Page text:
Protect Your Personal Data and Privacy on Facebook
Protect Your Personal Data and Privacy on Facebook

This may have passed under your radar, but Facebook’s shares have taken a hit. In the corporate world, this is nothing new but the reason behind this drop is not. According to widely circulated reports, Cambridge Analytica, a data mining company, was able to acquire the records of 50 million Facebook users. You know this is big when WhatsApp’s co-founder, Brian Acton tweeted,”It is time. #deletefacebook” making it the 5th time he has tweeted in 8 years. The hashtag apparently also trended on Twitter for a while. Now wouldn’t twitter just love that? If you’ve been aware of these revelations, you may have already discovered the maze of privacy settings offered by the social network. If you can’t figure them out here’s how you can protect your personal data, information and privacy on Facebook.

Check Your Privacy Settings on Facebook

First of all, you might want to do a sweep of your privacy settings. Privacy on Facebook is something you probably looked at once and have forgotten about it since then. You may be surprised by the privacy choices you made in 2012. It would be a good idea to update them according to the ‘you’ of 2018.

  1. On the Facebook Android app, you can do this by heading over to the right-most tab indicated by three horizontal lines.
  2. Scroll down to the HELP & SETTINGS section and tap on Account Settings. You will see another option below this named Privacy Shortcuts but don’t go there yet.
  3. In the Account Settings, go to Privacy and you will find a number of privacy-related options. Go through the list one by one and make sure everything is according to how you want it.
  4. While you’re at it, also visit Face Recognition Settings in Account Settings and choose whether or not you want this on. Facebook does a good job explaining what the feature is. It may not tell you though that Facebook started asking users for permission when a lawsuit was filed against it. It’s a nice feature but you’ll have to decide whether you trust Facebook enough.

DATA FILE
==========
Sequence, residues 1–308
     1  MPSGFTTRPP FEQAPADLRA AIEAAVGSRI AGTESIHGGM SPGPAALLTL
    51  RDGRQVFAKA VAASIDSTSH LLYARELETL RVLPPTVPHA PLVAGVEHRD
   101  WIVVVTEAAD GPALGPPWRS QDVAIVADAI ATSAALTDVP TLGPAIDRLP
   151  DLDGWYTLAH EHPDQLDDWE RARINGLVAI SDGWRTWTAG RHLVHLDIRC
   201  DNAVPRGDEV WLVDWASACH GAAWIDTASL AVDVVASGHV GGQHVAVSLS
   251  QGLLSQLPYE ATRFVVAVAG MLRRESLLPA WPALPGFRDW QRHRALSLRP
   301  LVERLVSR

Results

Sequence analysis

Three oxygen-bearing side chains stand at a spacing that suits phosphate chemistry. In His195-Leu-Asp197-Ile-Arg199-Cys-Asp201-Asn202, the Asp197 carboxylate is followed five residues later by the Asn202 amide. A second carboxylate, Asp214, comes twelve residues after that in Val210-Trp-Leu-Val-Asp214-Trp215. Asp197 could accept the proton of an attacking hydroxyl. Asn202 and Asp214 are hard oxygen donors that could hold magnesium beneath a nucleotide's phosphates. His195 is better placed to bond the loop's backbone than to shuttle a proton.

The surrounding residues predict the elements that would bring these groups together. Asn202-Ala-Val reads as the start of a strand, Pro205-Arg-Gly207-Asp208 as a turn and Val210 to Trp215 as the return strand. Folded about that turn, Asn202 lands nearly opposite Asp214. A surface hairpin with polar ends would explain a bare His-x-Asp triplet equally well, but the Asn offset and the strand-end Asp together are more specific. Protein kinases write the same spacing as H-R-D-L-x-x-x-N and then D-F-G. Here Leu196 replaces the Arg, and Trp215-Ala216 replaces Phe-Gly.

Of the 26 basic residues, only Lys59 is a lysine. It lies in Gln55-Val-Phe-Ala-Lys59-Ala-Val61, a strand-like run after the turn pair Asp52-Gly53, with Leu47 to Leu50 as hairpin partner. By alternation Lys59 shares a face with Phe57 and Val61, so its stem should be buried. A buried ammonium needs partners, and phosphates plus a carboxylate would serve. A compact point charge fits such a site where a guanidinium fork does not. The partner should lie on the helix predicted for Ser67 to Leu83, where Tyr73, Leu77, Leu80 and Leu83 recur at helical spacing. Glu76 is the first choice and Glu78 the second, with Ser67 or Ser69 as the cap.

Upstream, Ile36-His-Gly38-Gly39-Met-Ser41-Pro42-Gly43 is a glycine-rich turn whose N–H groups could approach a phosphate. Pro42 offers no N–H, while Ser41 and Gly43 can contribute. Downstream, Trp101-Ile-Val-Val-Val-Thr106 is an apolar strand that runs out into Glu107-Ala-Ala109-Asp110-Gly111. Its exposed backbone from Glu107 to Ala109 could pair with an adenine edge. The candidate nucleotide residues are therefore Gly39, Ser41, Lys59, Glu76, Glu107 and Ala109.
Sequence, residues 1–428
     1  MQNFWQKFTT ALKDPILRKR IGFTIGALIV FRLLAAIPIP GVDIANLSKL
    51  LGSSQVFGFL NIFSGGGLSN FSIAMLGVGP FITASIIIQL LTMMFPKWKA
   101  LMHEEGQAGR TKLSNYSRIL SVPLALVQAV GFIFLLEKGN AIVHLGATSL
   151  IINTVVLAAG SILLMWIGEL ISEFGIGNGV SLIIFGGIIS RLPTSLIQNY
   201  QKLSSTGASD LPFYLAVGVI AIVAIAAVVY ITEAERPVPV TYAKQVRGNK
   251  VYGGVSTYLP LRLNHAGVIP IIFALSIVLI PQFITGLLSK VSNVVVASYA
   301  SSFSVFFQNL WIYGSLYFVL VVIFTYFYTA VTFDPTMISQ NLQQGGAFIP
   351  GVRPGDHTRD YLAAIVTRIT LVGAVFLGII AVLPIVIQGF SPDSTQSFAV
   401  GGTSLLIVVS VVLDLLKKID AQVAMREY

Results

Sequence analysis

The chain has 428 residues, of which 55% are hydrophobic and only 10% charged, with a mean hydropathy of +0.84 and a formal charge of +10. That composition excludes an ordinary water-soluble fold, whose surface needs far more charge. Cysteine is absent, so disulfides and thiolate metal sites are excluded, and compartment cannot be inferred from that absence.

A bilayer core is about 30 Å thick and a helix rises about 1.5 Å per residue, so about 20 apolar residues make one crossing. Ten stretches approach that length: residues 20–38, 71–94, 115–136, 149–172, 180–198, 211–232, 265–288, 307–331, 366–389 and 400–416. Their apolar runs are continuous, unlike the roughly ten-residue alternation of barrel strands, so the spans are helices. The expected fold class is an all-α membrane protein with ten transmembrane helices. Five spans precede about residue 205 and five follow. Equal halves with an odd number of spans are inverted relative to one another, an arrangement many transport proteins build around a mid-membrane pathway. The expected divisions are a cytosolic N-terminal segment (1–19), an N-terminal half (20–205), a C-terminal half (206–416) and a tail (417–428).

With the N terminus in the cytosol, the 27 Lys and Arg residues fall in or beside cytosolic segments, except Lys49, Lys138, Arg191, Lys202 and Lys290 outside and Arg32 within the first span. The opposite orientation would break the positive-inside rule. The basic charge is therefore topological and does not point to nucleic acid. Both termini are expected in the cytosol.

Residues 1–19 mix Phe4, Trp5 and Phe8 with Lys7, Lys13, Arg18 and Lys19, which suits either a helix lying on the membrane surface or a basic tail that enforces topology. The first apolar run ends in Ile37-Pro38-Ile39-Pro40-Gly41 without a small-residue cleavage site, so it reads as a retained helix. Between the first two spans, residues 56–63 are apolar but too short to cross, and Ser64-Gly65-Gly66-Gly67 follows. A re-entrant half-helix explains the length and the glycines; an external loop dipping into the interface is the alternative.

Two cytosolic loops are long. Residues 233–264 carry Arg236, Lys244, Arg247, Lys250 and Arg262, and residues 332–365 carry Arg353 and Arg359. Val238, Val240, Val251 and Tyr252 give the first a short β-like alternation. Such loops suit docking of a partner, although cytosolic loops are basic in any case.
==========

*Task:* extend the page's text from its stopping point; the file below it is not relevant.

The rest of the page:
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Take Precautions

Prevention is better than cure they say and they couldn’t be more right, whoever they are. Aleksandr Kogan, a Moldovan-born researcher from Cambridge University, developed a Personality app. This app would let users log in with their Facebook accounts like many apps do.When you download a new app, you’re often asked to create a new account or log in through Facebook. This method is also offered by many websites. Facebook is easier, but not always safer.

You may or may not have realized this but when you log in with Facebook, you allow the website or the app access to certain parts of your Facebook data. You’re giving the app and Facebook both permission to exchange information about you. This includes basic details including your name, the date and time you visited each app, even details about your computer or phone. This is how Kogan gained access to private data of more than 30 million Facebook users. He then passed it on to Cambridge Analytica after the firm assured him this was legal.

The essence of the story is nothing would have happened if the users were just careful. Not taking the blame away from Facebook here, if you blame it, but we don’t take privacy very seriously. This incident is a “wake-up” call as Vox puts it. According to them, Facebook expected its user data to be harvested. It just didn’t expect Cambridge Analytica to do it 50 million times.

So the next time you want to see which celebrity will marry you, maybe, just maybe, don’t.

How to Protect Your Personal Data and Information on Facebook

Of course, you already know which celebrity is dying to marry you. This article is perhaps a bit too late for you. Don’t worry though, you can still do something about that.

  1. On the Facebook Android app, go to the Account Settings again as you did previously.
  2. This time scroll down and go to Apps instead.
  3. Here, first of all, go to Logged in with Facebook. This is where you will find all of the apps you’ve logged into with Facebook. Look for names you don’t trust or seem shady and tap on them. You can see all the data the concerned app has access to and if you scroll down you can see a Remove button. Tap on it, then tap on Remove again on the next page to remove the app.
  4. Facebook doesn’t make this process any easier by providing a remove all button. But it does let you turn off the feature altogether. Go to Platform in Apps and Websites, below Logged in with Facebook, then tap Edit and you can turn it off completely.
  5. Also, make sure you visit the Apps others use section. Here you should probably uncheck all the options unless you want to let apps that your friends use to access your data.

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